Nothing Edwards said was going to change the outcome.
Busch, before last year's Texas incident, might have said something he lived to regret.
The same goes for Stewart after the final caution that came out with 14 laps to go. Stewart, who has learned many of the same life lessons Busch has, was visibly upset with the call. He said the alleged water bottle was "out of groove."
"It had been sitting there for eight laps," Stewart added.
I'd rather not say what was said in there. This whole thing is very frustrating. I don't feel like we did the wrong thing.
”-- Carl Edwards
Maybe there was a water bottle in addition to the sheet metal officials said they saw. Regardless, the scenario tightened up the field and created some excitement with one last double-file restart for a nine-lap shootout.
Those sitting on the edge of their seats as Busch beat Stewart off pit road because Stewart's team was slow on the right rear tire weren't complaining. Those standing and cheering as Dale Earnhardt Jr. quickly moved around Stewart for second and threatened for a brief moment to end his losing streak (which was extended to 138) weren't complaining.
Busch certainly wasn't complaining. He admitted he had no chance of catching Stewart without the caution, that it was "the saving grace, the luck of the day."
Earnhardt admitted he wouldn't have been in position for second without some help.
There's no denying what happened made the final laps intense, even if Earnhardt finished a full second behind.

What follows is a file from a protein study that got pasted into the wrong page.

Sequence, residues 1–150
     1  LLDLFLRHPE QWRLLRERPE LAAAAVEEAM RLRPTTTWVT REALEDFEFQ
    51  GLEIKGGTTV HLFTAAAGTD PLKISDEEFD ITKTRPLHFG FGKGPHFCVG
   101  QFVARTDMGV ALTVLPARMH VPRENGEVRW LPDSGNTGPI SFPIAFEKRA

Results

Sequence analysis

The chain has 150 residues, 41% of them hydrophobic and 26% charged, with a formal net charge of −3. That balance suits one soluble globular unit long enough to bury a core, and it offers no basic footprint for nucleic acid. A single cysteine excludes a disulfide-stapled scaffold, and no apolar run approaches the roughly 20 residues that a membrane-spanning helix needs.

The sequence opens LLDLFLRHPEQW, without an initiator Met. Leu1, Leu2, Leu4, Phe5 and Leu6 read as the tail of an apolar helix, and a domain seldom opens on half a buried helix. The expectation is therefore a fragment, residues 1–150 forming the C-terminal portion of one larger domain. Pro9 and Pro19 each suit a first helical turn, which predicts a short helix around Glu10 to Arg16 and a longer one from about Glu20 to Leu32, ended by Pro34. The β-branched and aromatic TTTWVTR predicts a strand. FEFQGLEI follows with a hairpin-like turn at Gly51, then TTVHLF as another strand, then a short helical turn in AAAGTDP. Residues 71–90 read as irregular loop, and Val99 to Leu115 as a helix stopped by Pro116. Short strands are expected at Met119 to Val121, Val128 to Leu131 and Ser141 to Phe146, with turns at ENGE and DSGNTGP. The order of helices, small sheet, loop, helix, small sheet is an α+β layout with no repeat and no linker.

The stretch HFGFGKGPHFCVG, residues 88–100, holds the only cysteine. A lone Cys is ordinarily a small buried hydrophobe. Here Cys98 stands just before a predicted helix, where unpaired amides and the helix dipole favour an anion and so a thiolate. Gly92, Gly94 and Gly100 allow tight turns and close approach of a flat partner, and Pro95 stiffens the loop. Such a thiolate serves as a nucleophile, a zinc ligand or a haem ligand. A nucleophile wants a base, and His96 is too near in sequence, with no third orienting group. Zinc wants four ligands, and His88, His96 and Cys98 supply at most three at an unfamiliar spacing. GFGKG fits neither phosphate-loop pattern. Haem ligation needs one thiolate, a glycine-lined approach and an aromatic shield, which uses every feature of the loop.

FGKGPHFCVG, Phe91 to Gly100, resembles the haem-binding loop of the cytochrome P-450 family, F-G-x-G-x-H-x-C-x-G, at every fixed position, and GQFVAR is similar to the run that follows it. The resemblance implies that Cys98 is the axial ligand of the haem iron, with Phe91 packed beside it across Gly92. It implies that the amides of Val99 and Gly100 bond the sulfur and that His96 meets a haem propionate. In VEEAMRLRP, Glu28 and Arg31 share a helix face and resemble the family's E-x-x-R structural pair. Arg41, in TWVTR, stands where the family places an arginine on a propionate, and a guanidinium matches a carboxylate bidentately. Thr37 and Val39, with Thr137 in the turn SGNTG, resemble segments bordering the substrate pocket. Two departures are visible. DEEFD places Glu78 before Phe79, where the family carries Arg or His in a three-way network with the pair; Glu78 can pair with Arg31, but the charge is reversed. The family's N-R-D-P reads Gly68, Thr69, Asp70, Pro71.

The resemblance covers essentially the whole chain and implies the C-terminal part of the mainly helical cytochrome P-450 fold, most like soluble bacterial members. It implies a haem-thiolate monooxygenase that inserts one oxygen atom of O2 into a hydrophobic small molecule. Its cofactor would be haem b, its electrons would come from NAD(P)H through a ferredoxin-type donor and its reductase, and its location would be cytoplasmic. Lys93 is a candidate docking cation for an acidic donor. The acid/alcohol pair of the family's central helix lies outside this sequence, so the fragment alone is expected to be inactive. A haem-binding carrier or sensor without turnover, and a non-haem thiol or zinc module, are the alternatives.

And look at all the history that was made. Busch broke a tie with Richard Petty with his fourth consecutive victory in the spring race here. There haven't been three consecutive Cup races without a wreck since 1990.
And look at how close Earnhardt came to ending his streak, how he moved within five points of Greg Biffle for the points lead heading to a Talladega track where he could move ahead.
And look at what it means to have Busch, the driver fans love to hate, back in the spotlight.
Controversy aside, this was a good night for NASCAR. But it was an even bigger weekend for Busch. He shed rare tears after watching brother Kurt drive his No. 54 Nationwide car to a slam-bang finish over Denny Hamlin on Friday. He was filled with pure joy Saturday after ending a 20-race losing streak and giving Joe Gibbs Racing its third win of the year.
"The first thing I asked Kyle, 'OK, is it more fun winning as the car owner or a driver?'" JGR owner Joe Gibbs said. "And he was honest. He says, 'As a driver.'"
Added Busch, "I know where my priorities lie.''
As frustrated as Edwards and Stewart were, Busch was equally elated.
"It was a gift," Busch said of the circumstances that put him in position to win.
Or, if you're Edwards or Stewart, maybe it was a mugging.
Either way you look at it, there was drama.
And NASCAR thrives on drama.
Carl Edwards and Tony Stewart both felt they should've won Saturday night at Richmond. Then why was Kyle Busch the one celebrating?